PayPal payment service provider is vulnerable to an unauthorized restriction bypass vulnerability, which could allow an attacker to bypass restrictions or gain unauthorized access to blocked PayPal accounts.
The vulnerability in PayPal resides in the mobile API authentication procedure of PayPal, which only checks if the account exists, not if any restrictions are present.
How the Vulnerability Works
If a PayPal user tried to log into their account several times with the wrong username and password combination, PayPal will automatically lock the account for security reasons. After enough failed login attempts, PayPal will require the user to answer security questions set in place on the account to verify the users identity. According to the flaw, when switching to a mobile device, the security questions are eliminated and users can access their account with their credentials.
What is wrong with this?
There is nothing wrong with a mobile devices bypassing the security API and allowing users access to their account upon correct credentials input. In the disclosed PayPal vulnerability, it allows users access to locked and blocked accounts. PayPal often blocks accounts for a number of reasons, including theft prevention or blocking fraudsters from reaching their funds.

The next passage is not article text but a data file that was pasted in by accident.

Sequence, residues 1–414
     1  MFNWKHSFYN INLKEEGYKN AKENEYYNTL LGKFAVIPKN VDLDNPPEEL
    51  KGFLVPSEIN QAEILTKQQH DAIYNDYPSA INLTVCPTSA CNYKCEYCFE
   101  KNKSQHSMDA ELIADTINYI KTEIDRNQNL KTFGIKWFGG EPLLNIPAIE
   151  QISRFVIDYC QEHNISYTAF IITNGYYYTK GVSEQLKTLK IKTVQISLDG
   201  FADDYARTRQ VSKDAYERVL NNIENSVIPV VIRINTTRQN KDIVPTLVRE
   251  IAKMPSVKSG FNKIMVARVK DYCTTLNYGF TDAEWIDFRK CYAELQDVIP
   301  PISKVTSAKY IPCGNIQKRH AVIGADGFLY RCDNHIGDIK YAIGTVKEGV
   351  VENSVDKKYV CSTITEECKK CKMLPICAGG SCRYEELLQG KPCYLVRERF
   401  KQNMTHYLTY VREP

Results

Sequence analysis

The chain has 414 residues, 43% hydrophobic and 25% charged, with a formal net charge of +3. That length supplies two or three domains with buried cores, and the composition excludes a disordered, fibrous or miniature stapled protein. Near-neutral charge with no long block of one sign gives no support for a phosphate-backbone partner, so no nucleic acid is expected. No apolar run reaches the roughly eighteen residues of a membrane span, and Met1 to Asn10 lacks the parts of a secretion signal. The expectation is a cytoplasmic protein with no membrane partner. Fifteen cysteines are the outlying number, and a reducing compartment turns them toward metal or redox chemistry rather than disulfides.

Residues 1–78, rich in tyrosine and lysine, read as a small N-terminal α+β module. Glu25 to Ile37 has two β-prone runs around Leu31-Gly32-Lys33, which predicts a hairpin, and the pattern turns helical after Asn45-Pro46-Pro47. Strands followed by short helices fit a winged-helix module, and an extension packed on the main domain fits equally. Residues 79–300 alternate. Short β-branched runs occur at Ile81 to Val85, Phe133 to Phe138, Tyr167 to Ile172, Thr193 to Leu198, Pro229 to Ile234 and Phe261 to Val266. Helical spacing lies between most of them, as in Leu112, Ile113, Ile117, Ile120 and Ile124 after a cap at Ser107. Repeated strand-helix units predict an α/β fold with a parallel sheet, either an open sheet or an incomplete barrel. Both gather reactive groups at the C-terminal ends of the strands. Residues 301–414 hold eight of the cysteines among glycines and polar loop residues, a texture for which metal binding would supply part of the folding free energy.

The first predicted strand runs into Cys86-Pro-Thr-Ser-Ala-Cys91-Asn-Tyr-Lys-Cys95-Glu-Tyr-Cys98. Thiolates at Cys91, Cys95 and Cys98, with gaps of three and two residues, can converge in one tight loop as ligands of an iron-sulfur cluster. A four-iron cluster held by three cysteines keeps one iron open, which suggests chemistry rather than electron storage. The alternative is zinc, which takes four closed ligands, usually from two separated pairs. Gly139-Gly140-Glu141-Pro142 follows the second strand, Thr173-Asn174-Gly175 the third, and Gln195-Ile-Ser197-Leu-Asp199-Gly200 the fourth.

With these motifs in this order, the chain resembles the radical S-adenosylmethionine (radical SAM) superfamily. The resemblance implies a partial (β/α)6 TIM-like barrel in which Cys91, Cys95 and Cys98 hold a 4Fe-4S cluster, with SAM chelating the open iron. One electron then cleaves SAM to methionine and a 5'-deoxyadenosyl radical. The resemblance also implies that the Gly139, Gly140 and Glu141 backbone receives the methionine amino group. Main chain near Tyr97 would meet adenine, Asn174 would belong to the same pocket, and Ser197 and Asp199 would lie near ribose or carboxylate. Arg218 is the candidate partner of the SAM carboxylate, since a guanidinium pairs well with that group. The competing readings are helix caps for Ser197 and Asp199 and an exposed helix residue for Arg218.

“The client API checks only if the account exists, the API does not check a part- or full blocking of the account. It is possible for the blocked user to get access to his PayPal account and is able to make transactions and he can send money from the account,” states the vulnerability disclosure document.
Year Old Vulnerability
The vulnerability was disclosed by Benjamin Kunz Mejri, a research team member at the Vulnerability Laboratory. Merjri notified PayPal through their Bug Bounty program back in March of 2013, but PayPal has yet to take any action towards the flaw.
The mobile authentication flaw appears present for both iPhone and iPad devices, as it fails to check for restriction flags that would rather have blocked access to the account. Mejri says that version 4.6.0 of the PayPal iOS App is currently vulnerable. The PayPal mobile application is currently at version 5.8, but Mejri has confirmed that flaw is still present.
Mejri published a video demonstration executing the flaw, showing him intentionally entering the wrong username and password combination in order to have the account locked. After several attempts, PayPal requests Mejri answer the security questions on the account set in place to authenticate or validate his identity. Merji then moves over to an iOS device and types in the correct credentials, granting him instant access to the same blocked account, further allowing him to transfer funds and interact with the account. In the vulnerability disclosure report, the security flaw is said to have a high Common Vulnerability Scoring System (CVSS) score of 6.2, but no identifier has been assigned. PayPal has also failed to pay Merji his Bug Bounty reward. Below is Merji’s proof-of-concept video demonstration: